Egypt's Jews bury veteran leader

CAIRO Thu Apr 18, 2013 12:32pm EDT

1 of 8. Diplomats from the United States and Israel are seen as they joined about 100 mourners at a ceremony, held on Thursday in memory of its veteran leader Carmen Weinstein, as her coffin is seen, at Sha'ar Hashamayim (Gate of Heaven) synagogue in downtown Cairo, April 18, 2013.

Credit: Reuters/Asmaa Waguih

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CAIRO (Reuters) - Egypt's tiny Jewish community, a frail remnant of a once flourishing minority, held a rare public ceremony on Thursday in memory of its veteran leader, Carmen Weinstein, but the country's Islamist leaders stayed away.

Weinstein, 82, died last Saturday at her home in Cairo where she was known over the past two decades for leading efforts to preserve the overwhelmingly Muslim country's Jewish heritage.

Diplomats from the United States and Israel joined about 100 mourners at a ceremony, partly broadcast on one private television channel, at the heavily guarded Sha'ar Hashamayim (Gate of Heaven) synagogue in downtown Cairo.

The Jewish community has struggled to keep the faith alive and maintain its culture after its numbers dwindled to a few dozen members in recent years from some 80,000 in the 1950s.

Most Jews fled Egypt due to attacks on the community during and after the 1956 war, when Israel invaded the Sinai Peninsula along with Britain and France in an attempt to regain control of the Suez Canal.

The exodus began after the establishment of the State of Israel in 1948 and the first war between the Jewish state and its Arab neighbors. Jews were also prominent in the Egyptian Communist Party which was outlawed under President Gamal Abdel Nasser in 1958.

Weinstein was buried later at the Bassatine Cemetery, Cairo's only active Jewish burial site, which she had helped safeguard against vandalism during her lifetime.

On its English-language website, the state-owned Al Ahram newspaper called her "The 'Iron Lady' of Egypt's Jews".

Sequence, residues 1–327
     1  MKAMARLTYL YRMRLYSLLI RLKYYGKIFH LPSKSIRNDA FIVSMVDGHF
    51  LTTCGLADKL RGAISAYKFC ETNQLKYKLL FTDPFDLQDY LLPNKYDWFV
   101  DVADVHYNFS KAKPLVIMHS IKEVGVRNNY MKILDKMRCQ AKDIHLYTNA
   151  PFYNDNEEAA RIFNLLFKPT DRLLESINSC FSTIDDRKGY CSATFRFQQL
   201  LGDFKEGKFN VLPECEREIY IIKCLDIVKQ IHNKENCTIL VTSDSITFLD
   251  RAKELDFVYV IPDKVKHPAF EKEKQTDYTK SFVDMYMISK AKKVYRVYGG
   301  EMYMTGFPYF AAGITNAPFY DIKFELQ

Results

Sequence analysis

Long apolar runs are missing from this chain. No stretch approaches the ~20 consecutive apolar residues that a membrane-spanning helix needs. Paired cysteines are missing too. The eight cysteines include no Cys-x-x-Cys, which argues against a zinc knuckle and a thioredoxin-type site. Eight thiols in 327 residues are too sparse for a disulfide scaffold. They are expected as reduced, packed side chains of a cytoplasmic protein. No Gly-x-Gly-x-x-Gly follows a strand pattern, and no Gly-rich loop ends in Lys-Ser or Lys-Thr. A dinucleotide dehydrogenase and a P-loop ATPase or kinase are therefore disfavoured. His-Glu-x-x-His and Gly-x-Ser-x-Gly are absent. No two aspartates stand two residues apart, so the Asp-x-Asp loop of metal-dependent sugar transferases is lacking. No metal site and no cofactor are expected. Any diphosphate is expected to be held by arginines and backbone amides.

"She was a very dignified woman who was very committed to the existing Jewish community. She was a real asset... She stayed here when many other people left over the years," said Barry Friedman, a U.S. Jew living in Cairo.

Weinstein's efforts to preserve the Egyptian Jewish heritage were exemplified by her resistance to the transfer of valuable historical artifacts to the Brooklyn-based Historical Society of Jews from Egypt (HSJE) in 1997.

The artifacts include over 100 Torah scrolls, some dating back more than 200 years, said Desire Sakkal, the director and founder of the HSJE.

"She came back with a letter saying that those items are like the pyramids and the Sphynx and should not be moved. She later turned over the items to the (Egyptian) Department of Antiquities," he said.

On Monday members of the Jewish Community Council elected Magda Haroun as their new president.

"I want to break down the barriers that have been erected between people of different religions and beliefs," Haroun said in a speech at the memorial service. "I promise to keep the heritage of Egyptian Jews so we can return it to the Egyptian people...They have to be remembered."

Islamist President Mohamed Mursi paid tribute to Weinstein in a statement, calling her a "dedicated Egyptian who worked tirelessly to preserve Egyptian Jewish heritage and valued, above all else, living and dying in her country, Egypt".

The president was on an official visit to Russia on Thursday and no member of the government attended the memorial.

Mursi's views on Jews were not always full of praise. In a video-taped interview conducted in 2010 and posted on You Tube in January, the president is seen describing Zionists as "blood-suckers, who attack the Palestinians, these warmongers, the descendants of apes and pigs".

Weinstein's death coincided with an outbreak of interest among Egyptian intellectuals in the country's Jewish past.

A film called "Jews of Egypt" is showing in three Cairo cinemas after Egypt's censorship office gave permission last month to screen the historical documentary, following a delay due to reservations by a security agency.

The film depicts changes in Egyptian society's acceptance of its Jewish minority in the first half of the 20th century.ž

(Writing by Paul Taylor; Editing by Angus MacSwan)

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